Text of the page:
Portland, Oregon, has weathered many storms over the past few years that have brought down century-old trees and severed power lines, leaving thousands of people and pets in the dark.
As a resident that means I have become quite familiar with Portland General Electric’s (PGE) incident response communications and honestly, I’m impressed. Their customer communications far exceed what I see from many tech companies. How is that possible? Fewer components to their system? Highly trained responders? I suspect it is due to the information and signals they’re able to get.
It’s no secret that software engineers are faced with an information overload when diagnosing system issues. There’s no solace in the fact that at least these engineers are alerted to real issues because 59% say half of alerts they receive from their current observability solution aren’t actually helpful or usable. Not only is there a deluge of signals but many are low quality with 40% frequently getting alerts from their observability solution without enough context to triage, according to Chronosphere’s 2023 Cloud native observability report.
Follow a power outage through the eyes of a PGE customer and answer a few questions to see how your incident communications stack up.
The very first observable event from a customer’s viewpoint is that all the lights suddenly go out, fans/air systems shut off, and an eerie silence settles in.
Not too long after (within minutes) a text arrives:
This is five-star customer outreach because it is proactively notifying me that PGE acknowledges that power that I care about — specifically my address is affected. Being proactive likely saves PGE support from being overwhelmed with texts and calls while freeing up customer time to find some flashlights and candles.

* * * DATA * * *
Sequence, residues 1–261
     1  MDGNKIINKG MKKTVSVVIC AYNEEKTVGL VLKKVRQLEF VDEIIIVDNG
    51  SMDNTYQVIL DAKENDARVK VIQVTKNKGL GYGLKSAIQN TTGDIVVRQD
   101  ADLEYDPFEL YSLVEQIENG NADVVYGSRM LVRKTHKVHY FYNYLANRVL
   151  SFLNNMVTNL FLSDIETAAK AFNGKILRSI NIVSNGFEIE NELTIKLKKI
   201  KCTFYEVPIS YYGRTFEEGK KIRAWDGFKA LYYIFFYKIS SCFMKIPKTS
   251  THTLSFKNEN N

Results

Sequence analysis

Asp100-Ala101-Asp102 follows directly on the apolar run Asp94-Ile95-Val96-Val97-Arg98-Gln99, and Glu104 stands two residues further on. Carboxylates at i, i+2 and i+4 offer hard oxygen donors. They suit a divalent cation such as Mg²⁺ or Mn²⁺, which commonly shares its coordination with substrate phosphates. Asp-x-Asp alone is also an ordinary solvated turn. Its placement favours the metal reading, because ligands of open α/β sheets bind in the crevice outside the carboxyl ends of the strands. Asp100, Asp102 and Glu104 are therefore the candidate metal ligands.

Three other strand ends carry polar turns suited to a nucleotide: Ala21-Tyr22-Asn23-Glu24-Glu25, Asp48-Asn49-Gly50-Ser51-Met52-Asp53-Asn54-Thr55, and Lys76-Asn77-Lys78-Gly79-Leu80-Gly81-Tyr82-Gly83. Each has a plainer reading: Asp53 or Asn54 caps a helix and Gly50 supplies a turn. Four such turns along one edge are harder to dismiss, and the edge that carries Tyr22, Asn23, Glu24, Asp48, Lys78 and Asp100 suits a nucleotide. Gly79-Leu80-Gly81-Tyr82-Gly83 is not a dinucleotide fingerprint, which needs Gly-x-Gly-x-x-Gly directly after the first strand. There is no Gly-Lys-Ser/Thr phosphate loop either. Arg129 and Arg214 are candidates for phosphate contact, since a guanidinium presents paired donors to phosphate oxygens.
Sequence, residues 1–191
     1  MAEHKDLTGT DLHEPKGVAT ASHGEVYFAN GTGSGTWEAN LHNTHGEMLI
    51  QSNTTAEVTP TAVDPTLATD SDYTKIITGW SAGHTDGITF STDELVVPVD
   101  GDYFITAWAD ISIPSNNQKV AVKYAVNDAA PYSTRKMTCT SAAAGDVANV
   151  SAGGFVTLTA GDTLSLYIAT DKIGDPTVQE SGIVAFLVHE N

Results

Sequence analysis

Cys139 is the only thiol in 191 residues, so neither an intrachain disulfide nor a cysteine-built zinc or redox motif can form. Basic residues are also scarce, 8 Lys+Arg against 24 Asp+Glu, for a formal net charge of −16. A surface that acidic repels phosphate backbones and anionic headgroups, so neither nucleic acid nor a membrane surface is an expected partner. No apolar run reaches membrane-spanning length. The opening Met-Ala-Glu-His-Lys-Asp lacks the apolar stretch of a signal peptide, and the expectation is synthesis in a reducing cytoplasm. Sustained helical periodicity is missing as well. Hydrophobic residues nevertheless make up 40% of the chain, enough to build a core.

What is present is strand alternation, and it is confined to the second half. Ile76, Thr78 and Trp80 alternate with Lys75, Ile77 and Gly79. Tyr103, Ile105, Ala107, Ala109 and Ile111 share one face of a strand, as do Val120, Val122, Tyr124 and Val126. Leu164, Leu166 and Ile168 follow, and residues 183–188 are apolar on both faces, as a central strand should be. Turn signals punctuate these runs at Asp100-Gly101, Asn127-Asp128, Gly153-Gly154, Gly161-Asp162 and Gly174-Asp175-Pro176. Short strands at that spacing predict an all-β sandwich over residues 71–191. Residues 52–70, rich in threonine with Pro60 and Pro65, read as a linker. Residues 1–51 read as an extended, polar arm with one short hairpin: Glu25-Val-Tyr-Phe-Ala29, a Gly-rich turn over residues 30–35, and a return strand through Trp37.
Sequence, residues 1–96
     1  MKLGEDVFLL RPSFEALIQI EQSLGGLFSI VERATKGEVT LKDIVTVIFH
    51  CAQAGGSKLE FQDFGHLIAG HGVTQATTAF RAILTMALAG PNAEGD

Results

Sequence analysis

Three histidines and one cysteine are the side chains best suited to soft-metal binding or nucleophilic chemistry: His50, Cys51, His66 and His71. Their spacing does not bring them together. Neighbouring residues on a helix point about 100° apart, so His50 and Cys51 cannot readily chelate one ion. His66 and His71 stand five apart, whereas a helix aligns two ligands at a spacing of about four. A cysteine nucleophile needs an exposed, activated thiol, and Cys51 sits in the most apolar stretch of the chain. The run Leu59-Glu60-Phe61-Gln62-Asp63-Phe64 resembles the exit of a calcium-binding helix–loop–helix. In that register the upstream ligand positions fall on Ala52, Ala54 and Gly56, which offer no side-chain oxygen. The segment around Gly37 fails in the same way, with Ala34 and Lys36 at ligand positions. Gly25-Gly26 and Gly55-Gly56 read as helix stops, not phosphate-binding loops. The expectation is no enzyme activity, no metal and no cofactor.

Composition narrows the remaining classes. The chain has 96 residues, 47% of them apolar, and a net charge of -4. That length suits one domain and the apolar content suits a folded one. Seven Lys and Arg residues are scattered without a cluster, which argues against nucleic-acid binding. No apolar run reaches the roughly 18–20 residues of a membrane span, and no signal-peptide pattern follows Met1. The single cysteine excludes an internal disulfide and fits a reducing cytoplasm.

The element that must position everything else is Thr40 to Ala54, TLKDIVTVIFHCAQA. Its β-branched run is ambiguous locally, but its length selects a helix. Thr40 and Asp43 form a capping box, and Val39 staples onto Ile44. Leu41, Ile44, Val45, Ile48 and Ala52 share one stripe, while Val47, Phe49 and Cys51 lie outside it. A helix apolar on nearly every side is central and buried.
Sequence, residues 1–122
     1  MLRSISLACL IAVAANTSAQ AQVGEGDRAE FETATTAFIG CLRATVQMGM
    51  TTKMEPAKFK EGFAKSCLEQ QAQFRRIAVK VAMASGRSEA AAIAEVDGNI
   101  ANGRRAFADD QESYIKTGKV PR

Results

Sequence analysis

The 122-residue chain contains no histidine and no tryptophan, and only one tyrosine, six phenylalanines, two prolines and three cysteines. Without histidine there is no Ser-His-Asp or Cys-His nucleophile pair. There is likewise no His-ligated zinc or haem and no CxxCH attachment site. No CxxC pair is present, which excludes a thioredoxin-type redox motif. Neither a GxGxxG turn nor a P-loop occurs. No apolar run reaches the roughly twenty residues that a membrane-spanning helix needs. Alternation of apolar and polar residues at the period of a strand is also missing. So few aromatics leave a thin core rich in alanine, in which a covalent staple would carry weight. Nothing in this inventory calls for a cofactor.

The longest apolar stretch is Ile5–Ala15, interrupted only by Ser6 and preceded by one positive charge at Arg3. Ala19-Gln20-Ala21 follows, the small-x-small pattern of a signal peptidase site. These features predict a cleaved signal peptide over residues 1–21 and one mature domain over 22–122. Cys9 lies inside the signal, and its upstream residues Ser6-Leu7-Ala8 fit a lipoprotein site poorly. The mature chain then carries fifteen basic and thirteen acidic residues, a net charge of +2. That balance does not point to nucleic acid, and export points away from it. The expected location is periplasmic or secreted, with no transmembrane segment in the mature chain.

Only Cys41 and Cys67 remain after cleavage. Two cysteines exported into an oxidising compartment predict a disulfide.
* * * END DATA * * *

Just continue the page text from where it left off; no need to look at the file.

Another highlight is that PGE’s next steps are clearly outlined. When there is news to report, they’ll be back with an estimated restoration time. Lovely! As the customer, that’s really the only other information.
The cherry on top is their method for reporting data inaccuracies. Using the same communication context, not making the customer (who is stressed because the power just went out) have to log into a separate website or app to report.
Say a customer hasn’t signed up for text alerts. They’d likely navigate to the PGE website on a mobile browser and hoping their battery outlasts the outage. The Outages & Safety section is easy to spot as a permanent part of the main menu bar and gets you to information in one click.
Notice anything about the order of reporting options? I noticed they’re listed in order of ease for customer/efficiency for PGE. Reporting through the app is trivial followed by filing on their website, both of these allow PGE to quickly get reports at scale. The final option is to report by phone which could tie up humans for the response, hence showing it last.
Hark, a map!
Say the text notification didn’t quench your thirst for outage information. PGE’s outage map is here for you, on demand and shows the company’s current understanding of customer impact.